Education at Any Age
One would imagine that in 1949, most college students were 18 to 22. However, many students in this film are different ages. Numerous older-looking male students are more than a Hollywood oversight. They are supposed to represent former GIs getting college degrees after serving in World War II. The dialogue mentions GI education.
When Abby first enrolls, she tells Dean Gillingham (Griff Barnett) that her mother, who was also named Abigail Fortitude, didn’t use the family scholarship because she married at 17 and soon had her daughter instead of going to college. The dean replies, “Having a baby would scarcely have kept her from matriculating today. … With all our GI families, we all but have a maternity ward in the students’ hospital and a nursery in the gym.” Add Abby, a freshman at 35, and Susan, a sophomore at 17, and you really have a diverse age group.
Although this film’s heroine doesn’t go to college for an education, it shows the importance of learning. Dean Gillingham tells Abby that the focus of college has shifted away from sports:
“College has changed much since my days as a student, and, I must say, for the better. It seems our students want an education today more than a good football team. And that is the primary purpose of any school.”
Having guessed her secret of being Susan’s mother, he adds that he is thus glad to see a parent like Mrs. Abbott at Pointer. “What’s the good of educating the children, I’ve always said, if we don’t educate the parents, too?” This presents the wise idea that education should not be limited by age and school years. Learning should continue throughout one’s life.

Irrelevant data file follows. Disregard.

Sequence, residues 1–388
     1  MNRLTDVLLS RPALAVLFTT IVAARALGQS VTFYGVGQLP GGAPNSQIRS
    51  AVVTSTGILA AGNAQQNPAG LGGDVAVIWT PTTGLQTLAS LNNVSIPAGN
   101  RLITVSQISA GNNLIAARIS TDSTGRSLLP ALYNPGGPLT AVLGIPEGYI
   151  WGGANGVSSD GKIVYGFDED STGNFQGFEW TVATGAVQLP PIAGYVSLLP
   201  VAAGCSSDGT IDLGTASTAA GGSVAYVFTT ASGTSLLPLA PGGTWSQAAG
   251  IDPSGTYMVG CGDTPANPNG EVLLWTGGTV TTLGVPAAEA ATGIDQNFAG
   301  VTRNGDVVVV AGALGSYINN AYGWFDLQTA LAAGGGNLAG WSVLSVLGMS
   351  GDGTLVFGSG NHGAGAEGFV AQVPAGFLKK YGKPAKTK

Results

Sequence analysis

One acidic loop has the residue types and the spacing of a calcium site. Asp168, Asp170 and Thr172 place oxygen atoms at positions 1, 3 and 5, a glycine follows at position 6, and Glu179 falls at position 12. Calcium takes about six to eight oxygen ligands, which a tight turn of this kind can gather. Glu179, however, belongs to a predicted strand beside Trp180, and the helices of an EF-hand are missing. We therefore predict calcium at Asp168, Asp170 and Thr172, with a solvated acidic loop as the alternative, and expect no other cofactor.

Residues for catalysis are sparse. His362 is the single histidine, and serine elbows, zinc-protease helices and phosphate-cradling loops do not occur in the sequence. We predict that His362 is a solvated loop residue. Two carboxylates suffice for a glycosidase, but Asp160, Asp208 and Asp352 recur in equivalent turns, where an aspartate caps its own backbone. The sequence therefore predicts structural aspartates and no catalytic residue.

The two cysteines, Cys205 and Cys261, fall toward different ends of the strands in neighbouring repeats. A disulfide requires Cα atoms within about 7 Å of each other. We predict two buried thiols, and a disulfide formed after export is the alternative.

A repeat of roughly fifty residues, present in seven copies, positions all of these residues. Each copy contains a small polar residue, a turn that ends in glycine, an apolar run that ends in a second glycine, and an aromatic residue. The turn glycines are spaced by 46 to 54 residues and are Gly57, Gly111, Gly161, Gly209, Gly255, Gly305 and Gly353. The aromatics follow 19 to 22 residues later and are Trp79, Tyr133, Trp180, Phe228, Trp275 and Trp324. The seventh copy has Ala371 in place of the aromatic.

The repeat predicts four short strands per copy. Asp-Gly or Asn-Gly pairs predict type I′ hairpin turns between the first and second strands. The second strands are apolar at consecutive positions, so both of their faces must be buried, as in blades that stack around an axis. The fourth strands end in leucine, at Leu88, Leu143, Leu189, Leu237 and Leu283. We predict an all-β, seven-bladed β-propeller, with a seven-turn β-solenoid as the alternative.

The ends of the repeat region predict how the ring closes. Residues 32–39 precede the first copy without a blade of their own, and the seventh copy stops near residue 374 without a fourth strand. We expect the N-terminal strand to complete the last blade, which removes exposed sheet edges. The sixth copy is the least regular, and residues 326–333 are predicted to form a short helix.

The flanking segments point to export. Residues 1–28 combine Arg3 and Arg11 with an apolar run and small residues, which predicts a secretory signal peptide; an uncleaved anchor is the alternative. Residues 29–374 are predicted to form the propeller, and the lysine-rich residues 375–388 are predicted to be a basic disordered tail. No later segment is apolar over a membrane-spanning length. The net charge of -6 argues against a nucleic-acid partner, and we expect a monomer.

A Glimpse of the Past
If you are a romantic comedy fan who wants to explore Hollywood’s Golden Era, I suggest “Mother Is a Freshman.” Although some films are recommendable as introductory old movies to watch because they don’t seem too “vintage,” I recommend this film precisely because it is so old-fashioned. It is a filmographic tour of 1949. The clothing is so classic, flattering, and fashionable that Kay Nelson’s designs were nominated for Best Color Costume Design at the Academy Awards. The students use charming 1940s slang, which you will learn to understand throughout the film just as Abby does. The swing background music will delight any big band fan.
In our era of mostly R-rated entertainment, rejuvenate yourself by escaping to the Code years, when every Hollywood movie was more wholesome than modern G-rated films. Rather than catering to children, Code movies were appropriate for all ages yet serious and mature. Enjoy this Code film and thousands of others as wonderful entertainment for the present and, perhaps, an example of the hope for Hollywood’s future.
‘Mother Is a Freshman’
Director: Lloyd Bacon
Starring: Loretta Young, Van Johnson, Rudy Vallee, Betty Lynn, Robert Arthur
Rating: Not Rated
Running Time: 1 hour, 21 minutes
Released: March 12, 1949 (USA)
Rated: 5 stars out of 5
Tiffany Brannan is an 18-year-old opera singer, Hollywood historian, travel writer, film blogger, vintage fashion expert, and ballet writer. In 2016, she and her sister founded the Pure Entertainment Preservation Society, an organization dedicated to reforming the arts by reinstating the Motion Picture Production Code.